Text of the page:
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Charlie
Furr 

 

TREEHOUSE

Materials: Rescued firewood, woodshop and plywood offcuts


Like many woodworkers, I’m loathed to throw out any offcuts that “may be useful” and as a consequence I end up with a box full of pieces of timber and plywood. Similarly, my love of timber in all its forms leads me to “high grade” the firewood pile looking for pieces that are unusual and suitable for turning or just too pretty to burn. Of course, hoarding all this, what others may consider waste, means that I’ve had to come up with a way of using it in a meaningful way. What better way than to make toys that are a whimsical, unique and, hopefully, inspire children to be creative in their play.

 

The trunks of the supporting trees of Shipwreck Tree House were either scavenged from the burn pile while cutting firewood or from the firewood as it was unloaded. The platforms are slices cut from a small log with interesting grain patterns, also from the firewood pile. The wrecked pirate ship is made from some of the hoarded “may be useful” offcuts of plywood and bits and pieces of timber in the offcuts bin, the sails are made from material from old bed sheets that I usually use for clean-up rags. The battlements and towers are left over pieces from a table I made for friends from a fallen walnut tree on their property. The soldiers are turned from offcuts of various timbers with “chainmail” laser etched onto the bodies.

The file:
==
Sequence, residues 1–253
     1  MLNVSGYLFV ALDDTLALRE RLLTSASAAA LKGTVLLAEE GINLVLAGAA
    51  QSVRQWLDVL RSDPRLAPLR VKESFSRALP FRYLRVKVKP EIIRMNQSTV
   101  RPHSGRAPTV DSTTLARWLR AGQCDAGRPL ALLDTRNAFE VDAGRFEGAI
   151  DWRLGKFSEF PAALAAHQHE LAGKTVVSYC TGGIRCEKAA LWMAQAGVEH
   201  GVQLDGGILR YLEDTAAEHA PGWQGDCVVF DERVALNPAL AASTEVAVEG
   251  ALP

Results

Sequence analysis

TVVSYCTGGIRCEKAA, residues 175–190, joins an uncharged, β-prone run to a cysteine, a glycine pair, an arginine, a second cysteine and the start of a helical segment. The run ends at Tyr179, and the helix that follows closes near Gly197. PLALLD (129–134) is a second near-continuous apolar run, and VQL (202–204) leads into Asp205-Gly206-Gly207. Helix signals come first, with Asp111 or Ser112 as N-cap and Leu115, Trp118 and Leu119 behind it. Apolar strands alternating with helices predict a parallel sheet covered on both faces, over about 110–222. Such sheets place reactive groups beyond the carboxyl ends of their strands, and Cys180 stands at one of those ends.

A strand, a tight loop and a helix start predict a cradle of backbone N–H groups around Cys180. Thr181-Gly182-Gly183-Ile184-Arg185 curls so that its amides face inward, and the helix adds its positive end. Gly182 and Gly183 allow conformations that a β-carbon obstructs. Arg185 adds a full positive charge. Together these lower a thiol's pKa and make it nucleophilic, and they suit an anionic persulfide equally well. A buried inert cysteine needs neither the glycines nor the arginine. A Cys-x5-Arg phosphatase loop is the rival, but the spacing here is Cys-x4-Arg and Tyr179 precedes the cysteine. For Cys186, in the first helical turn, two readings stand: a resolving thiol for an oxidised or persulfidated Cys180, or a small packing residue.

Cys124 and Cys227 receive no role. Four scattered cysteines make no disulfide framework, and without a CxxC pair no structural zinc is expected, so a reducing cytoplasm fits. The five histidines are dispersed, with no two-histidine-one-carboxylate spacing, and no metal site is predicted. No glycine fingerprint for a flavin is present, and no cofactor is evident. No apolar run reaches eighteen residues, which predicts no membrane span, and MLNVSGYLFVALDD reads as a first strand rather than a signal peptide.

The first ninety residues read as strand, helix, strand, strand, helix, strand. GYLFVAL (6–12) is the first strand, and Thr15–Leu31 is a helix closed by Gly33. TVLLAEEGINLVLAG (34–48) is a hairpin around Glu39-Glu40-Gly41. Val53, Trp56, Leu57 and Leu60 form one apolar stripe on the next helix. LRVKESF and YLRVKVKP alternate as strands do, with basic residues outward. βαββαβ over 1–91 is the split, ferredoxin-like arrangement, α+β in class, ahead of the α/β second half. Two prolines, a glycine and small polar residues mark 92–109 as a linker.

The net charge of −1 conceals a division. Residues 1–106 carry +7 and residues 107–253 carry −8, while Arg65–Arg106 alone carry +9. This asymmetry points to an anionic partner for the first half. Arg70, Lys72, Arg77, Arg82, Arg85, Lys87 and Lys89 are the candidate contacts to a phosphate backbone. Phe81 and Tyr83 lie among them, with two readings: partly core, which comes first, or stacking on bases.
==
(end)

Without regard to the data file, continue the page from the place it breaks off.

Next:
The Ship Wreck Tree House No.2 and the Spiderweb Tree House demonstrate that nothing needs to be waste. With a little bit of thought so called “waste” can be transformed into something useful, playful and whimsical.

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ARTIST BIOGRAPHY:

I have been a hobby woodworker and photographer for most of my adult life. I was initially mainly interested in furniture restoration and cabinet making, and then I started making toys when our first grandchild was born in 2006. Inspired by the unimaginative doll houses for sale and an eye for interesting pieces of firewood, I saw an opportunity to use all the small offcuts of plywood that I had hoarded over the years and the naturalistic treehouse concept arrived.

 

After retiring to Port MacDonnell on the Limestone Coast of South Australia I was able to devote more time to my hobbies. My woodwork developed in new directions including woodturning, which for years I thought of as not for me and an old man’s pursuit, but which has turned out to be true because that’s mainly what I do now. With access to some beautiful timbers in the area, red gum, stringy bark, bull oak and iron bark that are typically used for firewood, I sought out the more interesting pieces from the wood pile with an eye for those that had been attacked by rot, borers or white ants. These, often honeycombed pieces, lend themselves to combining with acrylic resins to produce turned objects, bowls, pots and vases, of exceptional beauty reminiscent of the caves and waterholes of the Limestone Coast.

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